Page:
Like it or not, Google is the only real sheriff in town when it comes to the Internet. Because sites depend so heavily on ranking well with Google in order to generate traffic, any rules or regulations that Google has put in place will matter and, therefore, should be understood by all website and blog owners.
While those rules might not have been prevalent 10-15 years ago, they’re an important part of your SEO strategy today, as making a wrong move can cause your site or blog to be penalized by Google, thereby, less noticeable and relevant in search results.
Thankfully, avoiding these penalties is a simple matter of knowing what not to do with your blog, particularly in the area of link building.
If you try to honestly create great posts, develop useful content and don’t intentionally try and take shortcuts to higher rankings, your blog will probably be fine; however, you need to at least be aware of the specific ways that you can avoid getting penalized by Google.
Here are five most important ones:
1. Keep An Eye On Google Webmaster Tools
If you don’t have a Google Webmaster Tools account, you should create one now and set one up for your blog.
Webmaster Tools allows you to see what sites are linking to your blog, what inbound links you have and just about every detail of how people are getting to your site via search queries. You’ll also have a panel that monitors site errors, which is a good thing to keep an eye on.
While you don’t need to religiously scan Webmaster Tools, it is still a great way to manage your links and make sure that you don’t have any looming errors that need to be addressed.
2. Avoid Link Building Sites & Scams
This is getting to be a no-brainer in our day of advanced Google algorithms and penalties. Google has no patience for link building sites, and if they can tell that you’re engaging in that kind of activity, getting a ranking penalty is the best you can hope for.
Since Google is trying to weed out link scam sites, you might see your blog become de-indexed from Google entirely, even if you do have great content.
The safest bet here is to approach your link building from a completely organic perspective. If you’ve already got great content on your site, the last thing you’ll want to do is ruin it by paying to have thousands of links pointing to your blog that will only serve to prove your guilt and incriminate your domain name.
3. Be Picky About Affiliate Links & Ads
It’s fine (and even encouraged) to have affiliate links and ads that are relevant to your site; however, you’ve got to be careful not to have too many.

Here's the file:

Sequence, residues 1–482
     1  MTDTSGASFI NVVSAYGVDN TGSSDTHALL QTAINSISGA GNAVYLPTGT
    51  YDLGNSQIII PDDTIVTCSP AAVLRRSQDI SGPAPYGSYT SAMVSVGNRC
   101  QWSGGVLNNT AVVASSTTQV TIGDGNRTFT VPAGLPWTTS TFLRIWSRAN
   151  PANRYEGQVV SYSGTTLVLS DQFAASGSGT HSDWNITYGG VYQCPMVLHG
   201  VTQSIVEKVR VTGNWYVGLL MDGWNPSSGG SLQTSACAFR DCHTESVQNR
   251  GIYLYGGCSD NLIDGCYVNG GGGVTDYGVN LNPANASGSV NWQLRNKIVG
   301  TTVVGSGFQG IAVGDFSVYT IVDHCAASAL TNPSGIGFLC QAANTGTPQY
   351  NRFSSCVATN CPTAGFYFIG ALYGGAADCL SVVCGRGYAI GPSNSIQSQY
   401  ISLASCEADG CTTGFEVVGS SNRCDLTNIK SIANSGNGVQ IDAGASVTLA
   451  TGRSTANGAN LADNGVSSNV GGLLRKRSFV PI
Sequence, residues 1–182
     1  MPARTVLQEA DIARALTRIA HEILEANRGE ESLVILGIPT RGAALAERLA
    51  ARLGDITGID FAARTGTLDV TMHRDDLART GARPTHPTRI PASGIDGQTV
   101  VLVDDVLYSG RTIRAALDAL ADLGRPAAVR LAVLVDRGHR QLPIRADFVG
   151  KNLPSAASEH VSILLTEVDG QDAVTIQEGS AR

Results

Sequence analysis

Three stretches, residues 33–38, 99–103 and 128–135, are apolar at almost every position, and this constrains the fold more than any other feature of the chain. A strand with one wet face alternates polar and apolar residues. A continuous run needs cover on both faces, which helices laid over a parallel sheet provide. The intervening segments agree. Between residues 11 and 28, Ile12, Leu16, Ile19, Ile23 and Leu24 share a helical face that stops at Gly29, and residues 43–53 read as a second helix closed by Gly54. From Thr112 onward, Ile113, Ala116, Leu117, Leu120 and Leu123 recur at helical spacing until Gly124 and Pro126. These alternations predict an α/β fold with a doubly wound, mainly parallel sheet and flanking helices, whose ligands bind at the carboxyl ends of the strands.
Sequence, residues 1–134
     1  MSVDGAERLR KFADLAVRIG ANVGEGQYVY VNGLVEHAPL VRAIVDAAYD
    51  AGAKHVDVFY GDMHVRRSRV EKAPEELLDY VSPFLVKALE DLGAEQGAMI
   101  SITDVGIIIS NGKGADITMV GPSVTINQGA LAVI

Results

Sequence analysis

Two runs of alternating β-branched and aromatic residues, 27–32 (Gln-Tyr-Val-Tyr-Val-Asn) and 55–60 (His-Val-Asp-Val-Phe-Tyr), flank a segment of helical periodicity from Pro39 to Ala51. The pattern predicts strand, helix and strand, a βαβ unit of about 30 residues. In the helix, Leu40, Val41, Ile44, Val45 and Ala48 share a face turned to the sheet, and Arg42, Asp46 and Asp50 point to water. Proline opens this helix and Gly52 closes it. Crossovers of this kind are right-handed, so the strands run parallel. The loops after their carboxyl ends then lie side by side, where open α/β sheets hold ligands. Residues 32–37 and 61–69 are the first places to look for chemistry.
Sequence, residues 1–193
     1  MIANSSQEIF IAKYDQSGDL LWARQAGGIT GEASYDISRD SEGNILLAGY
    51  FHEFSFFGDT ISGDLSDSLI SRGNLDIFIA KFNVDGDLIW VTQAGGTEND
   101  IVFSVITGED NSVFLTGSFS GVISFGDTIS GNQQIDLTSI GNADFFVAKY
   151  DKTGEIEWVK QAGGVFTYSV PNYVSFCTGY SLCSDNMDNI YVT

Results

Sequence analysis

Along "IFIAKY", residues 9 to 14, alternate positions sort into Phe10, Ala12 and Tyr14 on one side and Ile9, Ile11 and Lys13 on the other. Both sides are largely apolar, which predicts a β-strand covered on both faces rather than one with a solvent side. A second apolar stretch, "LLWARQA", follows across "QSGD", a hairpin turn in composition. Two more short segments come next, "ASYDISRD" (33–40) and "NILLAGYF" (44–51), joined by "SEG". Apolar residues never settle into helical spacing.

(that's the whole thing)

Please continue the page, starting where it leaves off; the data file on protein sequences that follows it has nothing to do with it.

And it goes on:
If your blog is overloaded with affiliate links or keeps links to products or sites that aren’t relevant to your blog’s topic, Google might label you as a “thin” affiliate site, particularly if your content isn’t anything to write home about.
Be on the safe side and limit your affiliate links to relevant products and sites, while keeping them sparse throughout your blog.
4. Make Content Your Main Focus
The general rule of thumb is that if you’re primarily focused on creating a blog with great content, Google will recognize that and will give you some slack. It’s pretty easy to tell when you cross a line from honest site building to crafty blackhat SEO techniques, so just make sure you stay on the right side of the fence, and if you do, your site will be fine.
5. Monitor The Quality Of Your Inbound Links
Even if you follow all the rules, you can end up having seedy websites link to your blog. Use Webmaster Tools to stay on top of this.
If you find that you have links that you don’t want, email the site’s admin and request to have the link removed. If they don’t, keep a record of your email in case you need to plead your case before the Google courts.
Keep it Simple
If you avoid cutting corners and just put honest work into your blog, Google will likely not penalize you, so just make sure you’re not the person who’s trying to circumvent the system.
Instead, put effort into your content and make sure you’re offering up something that Google will want people to see.
Have you received a penalty from Google? If so, what were you penalized for? Did you manage to fix whatever was wrong with your site and get reapproved, or are you still struggling to find a solution? Please get in touch below via the comments section and let us know.